(it cost too much to be perfect), but functionally acceptable compromise between engineering natural drive to perfection and required and sufficient business functionality. To be able to deliver on those objectives, the project management framework must support that objective. What developers lack, from my broad experience as a developer and a PM, is the business understanding that we have to deliver the best possible solution to the business problem using limited resources to accomplish this goal. That is the reason why developers have to understand the business processes they are trying to automate to make purposeful, appropriate, business-conscious technical decisions so that a business sponsor (one always exists, the one who is paying our salary) can get the most out of limited resources. From my personal experience as a developer and a PM, the agile framework is one such framework which can overcome that gap, and because of that, it was the natural choice to use it, in the management of rescue efforts in salvaging failed EITM projects. When our cavalry was called in to rescue a project, the project was usually in the critical phase. The blame was surfacing in communications with the customer project sponsor, and the relationship with the customer reached all time low. The options left on table either included the arbitration regarding deliverables (what would have negative impact not only on the relationship with that customer and potential future business with them, it would have negative impact on the whole business in the region) or bite the bullet and sponsor the rescue effort, which will reestablish the confidence in our (vendor’s) ability to deliver. That was the reason why the agile framework, including the customer as a partner to the project team with its incremental approach in delivering functional solution components, was an ideal candidate for the management of the rescue projects, making sure that problems are not going to be covered under the carpet and that steady stream of deliverables will reestablish the customer confidence in the our ability to deliver. At the same time, the project steady progress had a positive impact on the project team, which was already working in the hostile environment and under the extreme pressure to deliver where others failed. It is my experience that the PM on these projects should have not only PM experience in managing projects but as well deep technical understanding of the solution and that he/she had already earned the respect of the usually small team of technical specialists, tasked to deliver the solution. In that situation there is a role to play for the seasoned PM:
• to create a development plan selecting requirements for the iteration (iteration scope) with the team, taking into account the outcome of the previous iteration and priority of requirements
• acts as a buffer between the team and any distracting influences, focusing the team on the current prototype, not allowing any change of the focus or the scope for the iteration cycle
• removing impediments to the ability of the team to deliver iteration goals, if necessary by escalation to the project sponsors (both the vendor and the customer)
• be the owner of the escalation process to the project sponsor and/or vendor’s development and technical support distributed teams, coordinating join development and test activities
• owning Risk Mitigation, Monitoring and Management (risk analysis) at every stage
• frequently informing project stakeholders of the project progress and providing advance warning for the potential project slippage and deviations ahead of time
• facilitating daily open and honest communication and cooperation among the team members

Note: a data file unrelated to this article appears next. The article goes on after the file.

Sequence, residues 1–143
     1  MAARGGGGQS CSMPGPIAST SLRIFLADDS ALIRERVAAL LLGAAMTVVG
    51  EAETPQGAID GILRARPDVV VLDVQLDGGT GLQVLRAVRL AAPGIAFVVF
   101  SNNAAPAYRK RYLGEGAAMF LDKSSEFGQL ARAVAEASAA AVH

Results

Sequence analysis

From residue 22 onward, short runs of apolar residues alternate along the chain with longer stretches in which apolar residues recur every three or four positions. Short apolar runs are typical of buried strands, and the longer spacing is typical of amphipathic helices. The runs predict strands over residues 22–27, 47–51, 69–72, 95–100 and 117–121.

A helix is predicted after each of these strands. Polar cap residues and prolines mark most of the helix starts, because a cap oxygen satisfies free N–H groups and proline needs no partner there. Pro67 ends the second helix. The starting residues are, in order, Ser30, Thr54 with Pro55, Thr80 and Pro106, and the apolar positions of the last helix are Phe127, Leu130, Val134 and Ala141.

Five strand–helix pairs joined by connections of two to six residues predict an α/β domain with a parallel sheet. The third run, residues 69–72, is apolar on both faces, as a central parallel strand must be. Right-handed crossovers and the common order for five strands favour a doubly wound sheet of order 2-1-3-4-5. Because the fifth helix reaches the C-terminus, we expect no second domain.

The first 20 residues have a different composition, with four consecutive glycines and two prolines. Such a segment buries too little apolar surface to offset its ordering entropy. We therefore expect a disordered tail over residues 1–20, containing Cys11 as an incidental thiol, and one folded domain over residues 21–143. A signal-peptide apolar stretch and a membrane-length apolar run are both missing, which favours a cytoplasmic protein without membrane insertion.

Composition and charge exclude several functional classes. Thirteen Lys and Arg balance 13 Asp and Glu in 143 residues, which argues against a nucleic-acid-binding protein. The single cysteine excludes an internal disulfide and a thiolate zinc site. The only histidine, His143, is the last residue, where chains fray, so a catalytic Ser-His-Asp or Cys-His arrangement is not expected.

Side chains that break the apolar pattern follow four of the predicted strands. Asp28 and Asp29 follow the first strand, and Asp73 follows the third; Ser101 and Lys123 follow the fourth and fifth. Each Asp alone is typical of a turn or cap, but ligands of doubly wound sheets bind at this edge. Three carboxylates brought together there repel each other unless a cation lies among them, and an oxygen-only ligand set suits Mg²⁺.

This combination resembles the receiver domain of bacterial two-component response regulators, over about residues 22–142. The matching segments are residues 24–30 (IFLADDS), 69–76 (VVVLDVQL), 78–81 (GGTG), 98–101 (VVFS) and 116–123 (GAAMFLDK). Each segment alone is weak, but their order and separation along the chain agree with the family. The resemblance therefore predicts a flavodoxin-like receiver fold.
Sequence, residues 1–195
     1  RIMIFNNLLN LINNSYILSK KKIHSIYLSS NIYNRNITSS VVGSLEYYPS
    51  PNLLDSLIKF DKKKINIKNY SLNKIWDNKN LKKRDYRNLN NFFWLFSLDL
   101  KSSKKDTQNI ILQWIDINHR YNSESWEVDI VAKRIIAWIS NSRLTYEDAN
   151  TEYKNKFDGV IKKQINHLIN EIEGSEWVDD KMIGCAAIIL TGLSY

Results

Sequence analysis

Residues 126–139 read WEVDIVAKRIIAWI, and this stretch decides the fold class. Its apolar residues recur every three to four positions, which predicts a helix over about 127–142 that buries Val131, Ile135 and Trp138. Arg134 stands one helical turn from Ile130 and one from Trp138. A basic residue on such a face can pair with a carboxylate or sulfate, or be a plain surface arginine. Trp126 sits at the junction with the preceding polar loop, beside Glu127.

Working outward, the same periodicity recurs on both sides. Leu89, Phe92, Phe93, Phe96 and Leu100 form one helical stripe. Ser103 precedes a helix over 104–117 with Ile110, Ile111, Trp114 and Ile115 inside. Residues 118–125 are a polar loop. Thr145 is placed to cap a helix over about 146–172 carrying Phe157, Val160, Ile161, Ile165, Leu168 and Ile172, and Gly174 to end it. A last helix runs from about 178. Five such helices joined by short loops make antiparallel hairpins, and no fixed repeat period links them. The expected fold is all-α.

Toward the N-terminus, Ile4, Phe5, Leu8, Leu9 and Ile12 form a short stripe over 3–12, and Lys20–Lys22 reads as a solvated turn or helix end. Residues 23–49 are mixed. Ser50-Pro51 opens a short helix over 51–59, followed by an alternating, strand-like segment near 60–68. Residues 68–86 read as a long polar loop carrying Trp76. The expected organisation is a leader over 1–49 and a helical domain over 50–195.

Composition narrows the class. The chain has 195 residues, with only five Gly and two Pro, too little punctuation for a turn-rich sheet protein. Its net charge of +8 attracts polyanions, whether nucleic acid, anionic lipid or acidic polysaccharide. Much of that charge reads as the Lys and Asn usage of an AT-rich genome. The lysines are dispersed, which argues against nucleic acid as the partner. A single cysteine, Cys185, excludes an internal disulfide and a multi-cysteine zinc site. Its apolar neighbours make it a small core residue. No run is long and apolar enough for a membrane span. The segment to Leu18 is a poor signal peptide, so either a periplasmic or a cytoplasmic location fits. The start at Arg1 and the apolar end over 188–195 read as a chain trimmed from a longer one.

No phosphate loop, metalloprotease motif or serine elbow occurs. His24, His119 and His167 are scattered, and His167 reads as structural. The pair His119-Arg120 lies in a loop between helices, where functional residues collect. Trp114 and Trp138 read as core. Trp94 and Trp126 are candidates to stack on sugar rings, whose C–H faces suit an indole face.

It would have been better if PMBOK added Project Value Management since Agile is all about delivering business/customer value. From my experience in last couple of years working on Agile projects, the scope is typically unlimited, meaning business clients add work to backlog all the time (continuous requirement) as they work with the development team to prioritize. The development team would deliver the features with most value first and so realizing return faster than that with the typical waterfall approach.

On the same token, I understand that PMBOK is truly a "body of knowledge" and serves wide variety of industries. Agile adoption is predominantly in the IT industry and so applying many principles to let's say construction industry would be a impractical. In short there is obviously a need to generalize many of the Agile principles to suit projects in different industries.

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DISCLAIMER:
The views expressed here are mine and do not reflect the official opinion of my employer or the organization through which the Internet was accessed.

I agree on the concept of " Art " mentioned in the title.I like to view agile as a set of tool for doing things, rather than a seperate project management methodology.Perhaps, it's more defined and crystalized in software development, but when it comes to other types of projects, Agile is another technique to deliver and deal with project progress.
I don't see any problem in using both traditional, or shall I say, conventional project management standards, along with agile tools and techniques, on certain areas of the project, and in certain times, as appropriate, to manage the project. In such cases, a project artist, more than a project manager,is the one who can succeffully and creatively manage and produce deliverables of high value, both for the customer, and the project team.

It seems to me that Agile methodology and the PMBOK methodology should be all contained in one PMBOK handbook as one and the same. There is no use of offering these as separate or one better than the other, because where is the time for working on two different methododlogies in a Project where time is always in short supply, when so many elements of the project have to meet time and budget constraints!! Projects are not 'academics' but actual work to be completed on time and within budgets!

In the current context of cost reduction and control, the agile methodology, the good systems architect should only allow changes which are well within the budget and contributes signifiantly to the capabilities to be achieved & adheres to timeline.

Iterative changes should be a function of an excellent technical discovery/proven module available (from contractor/tech provider) or value engg, and should not bend on experimentation, learning & validation reliance

Clear cut responsibities across design groups - across modules and geographies are also key in this methodology